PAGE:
rootsair
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Why Does The UK Exist As Such & Not Split Up?

Sun Apr 10, 2005 8:35 pm

This is a question I have very very often wondered about.

Why are the 4 British countries considered as one in some cases and separate in other ?

For example, when we look at rugby or football games, we see that there is no UK team . Instead you see a Scottish, an English, A Welsh ,etc team.Only the olympics is the major sports event where you see a UK team .

However they all share same passport, same ID and all have the GB as the country's code

In addition doesn't Scotland have its own parliament ?

And last but not least, I've never heard anyone say they are from the UK or proud to be from the UK. They all say I'm Scottish, Welsh, N.Irish or English. The few people that say they are from the UK are people from England since many take it for granted that to foreigners you are directly English if you say you are from the UK. (trust me I know a few)
Plus there has been many threads on people asking why the flags from Scotland, N.Ireland or Wales weren't put up on the website

I would like to ask the following questions
1) To you British folks out there, what is your opinion on the U.K existing as such . Do you think its good it remains the U.K or you'd rather have it split up
2) I would like to know why Scotland, England , Wales, and N.Ireland are considered separate entities in sports events but not politically!

Regards

B.M
A man without the knowledge of his past history,culture and origins is like a tree without roots
 
Klaus
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Why Does The UK Exist As Such & Not Split Up?

Sun Apr 10, 2005 8:46 pm

Britain de facto has a federal structure, just still in an embryonic form (England has no regional structures, while the other regions do). It´s not really fundamentatlly different from the structure in many other countries such as the USA or Germany. The separate regional representation in some international sports events is just a historical oddity. In practice, Scotland is not structurally different from Bavaria regarding its political status (and more than a few cultural peculiarities, for some strange reason).

I don´t think the regions could survive on their own (except maybe for England), so I doubt there´s really an alternative to complete a federal reform and get it over with.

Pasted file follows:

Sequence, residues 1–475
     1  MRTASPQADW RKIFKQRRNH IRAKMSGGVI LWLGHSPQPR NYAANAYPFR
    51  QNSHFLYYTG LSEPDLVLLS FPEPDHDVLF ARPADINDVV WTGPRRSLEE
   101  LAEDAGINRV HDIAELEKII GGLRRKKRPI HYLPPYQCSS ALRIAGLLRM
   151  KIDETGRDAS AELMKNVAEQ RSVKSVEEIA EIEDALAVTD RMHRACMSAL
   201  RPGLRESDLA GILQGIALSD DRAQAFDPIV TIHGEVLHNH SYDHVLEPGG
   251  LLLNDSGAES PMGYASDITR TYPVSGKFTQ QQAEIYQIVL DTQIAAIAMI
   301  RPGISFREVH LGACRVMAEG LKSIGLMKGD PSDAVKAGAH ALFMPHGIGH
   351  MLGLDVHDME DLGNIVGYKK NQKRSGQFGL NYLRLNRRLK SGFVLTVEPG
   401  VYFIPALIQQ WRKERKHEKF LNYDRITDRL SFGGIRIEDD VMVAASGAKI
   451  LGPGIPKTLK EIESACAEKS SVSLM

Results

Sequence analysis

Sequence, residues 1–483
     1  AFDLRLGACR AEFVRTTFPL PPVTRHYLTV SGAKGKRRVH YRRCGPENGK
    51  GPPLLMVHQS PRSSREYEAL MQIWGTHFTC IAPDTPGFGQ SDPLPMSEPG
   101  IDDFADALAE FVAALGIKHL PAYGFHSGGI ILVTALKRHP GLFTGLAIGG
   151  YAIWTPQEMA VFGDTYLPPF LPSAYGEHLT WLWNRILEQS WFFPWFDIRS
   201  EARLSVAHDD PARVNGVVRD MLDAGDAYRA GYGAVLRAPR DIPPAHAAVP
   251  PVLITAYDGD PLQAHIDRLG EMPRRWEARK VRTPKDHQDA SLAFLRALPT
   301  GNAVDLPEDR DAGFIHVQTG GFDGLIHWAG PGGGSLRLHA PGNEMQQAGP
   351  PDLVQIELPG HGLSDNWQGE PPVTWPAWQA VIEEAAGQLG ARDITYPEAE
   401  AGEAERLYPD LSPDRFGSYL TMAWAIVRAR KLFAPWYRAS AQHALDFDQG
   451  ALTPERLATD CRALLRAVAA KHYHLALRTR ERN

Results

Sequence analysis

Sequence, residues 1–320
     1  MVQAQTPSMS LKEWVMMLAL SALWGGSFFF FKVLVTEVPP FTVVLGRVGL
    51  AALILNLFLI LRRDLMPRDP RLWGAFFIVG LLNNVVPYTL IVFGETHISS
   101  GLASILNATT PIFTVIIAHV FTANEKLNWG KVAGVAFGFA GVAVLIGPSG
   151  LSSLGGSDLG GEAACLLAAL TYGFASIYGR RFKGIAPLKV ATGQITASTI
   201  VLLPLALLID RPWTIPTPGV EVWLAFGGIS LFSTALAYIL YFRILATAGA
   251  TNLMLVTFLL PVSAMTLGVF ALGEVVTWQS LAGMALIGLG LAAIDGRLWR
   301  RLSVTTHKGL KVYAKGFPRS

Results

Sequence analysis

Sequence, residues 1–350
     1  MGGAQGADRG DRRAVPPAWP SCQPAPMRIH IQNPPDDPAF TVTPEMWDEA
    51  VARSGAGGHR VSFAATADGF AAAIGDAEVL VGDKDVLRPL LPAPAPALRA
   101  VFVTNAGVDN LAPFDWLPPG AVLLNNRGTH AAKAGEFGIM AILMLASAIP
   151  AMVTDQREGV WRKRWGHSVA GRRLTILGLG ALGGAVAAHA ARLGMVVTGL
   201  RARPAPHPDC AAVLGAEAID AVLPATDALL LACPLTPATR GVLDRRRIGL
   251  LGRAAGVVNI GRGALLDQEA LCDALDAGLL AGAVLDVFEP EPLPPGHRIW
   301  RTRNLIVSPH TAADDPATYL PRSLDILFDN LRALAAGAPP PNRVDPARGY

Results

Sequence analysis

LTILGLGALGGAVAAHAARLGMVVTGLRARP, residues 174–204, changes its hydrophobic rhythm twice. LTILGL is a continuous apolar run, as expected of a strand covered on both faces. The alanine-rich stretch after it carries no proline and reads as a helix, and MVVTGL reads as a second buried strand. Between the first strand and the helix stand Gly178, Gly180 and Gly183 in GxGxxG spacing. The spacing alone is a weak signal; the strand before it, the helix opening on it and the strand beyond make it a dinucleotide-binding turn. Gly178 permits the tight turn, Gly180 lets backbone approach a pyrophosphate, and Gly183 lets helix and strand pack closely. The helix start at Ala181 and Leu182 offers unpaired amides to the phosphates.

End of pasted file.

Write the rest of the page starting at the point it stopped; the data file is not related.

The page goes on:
Especially if it cuts down the whining in the forums... Big grin
 
VS74741R
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Why Does The UK Exist As Such & Not Split Up?

Sun Apr 10, 2005 8:51 pm

Quoting RootsAir (Thread starter):
And last but not least, I've never heard anyone say they are from the UK or proud to be from the UK. They all say I'm Scottish, Welsh, N.Irish or English. The few people that say they are from the UK are people from England since many take it for granted that to foreigners you are directly English if you say you are from the UK. (trust me I know a few)

I don't know about anyone else but I always say Im British or I come from Britain. There are a lot of people who wouldn't know where England, Wales, Scotland or Ireland are but they know where the uk is. lol It's just our identity to the world I surpose.

Quoting RootsAir (Thread starter):
1) To you British folks out there, what is your opinion on the U.K existing as such . Do you think its good it remains the U.K or you'd rather have it split up

I'd rather it remain the UK, there's no point splitting us up, we're all friends here  wink 

Quoting RootsAir (Thread starter):
2) I would like to know why Scotland, England , Wales, and N.Ireland are considered separate entities in sports events but not politically!

We all have our loyalty and pride  wink 
Obviously a Virgin Atlantic fan!!!
 
bill142
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Why Does The UK Exist As Such & Not Split Up?

Sun Apr 10, 2005 9:37 pm

British and Irish Lions anyone?
 
duke
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Why Does The UK Exist As Such & Not Split Up?

Sun Apr 10, 2005 11:51 pm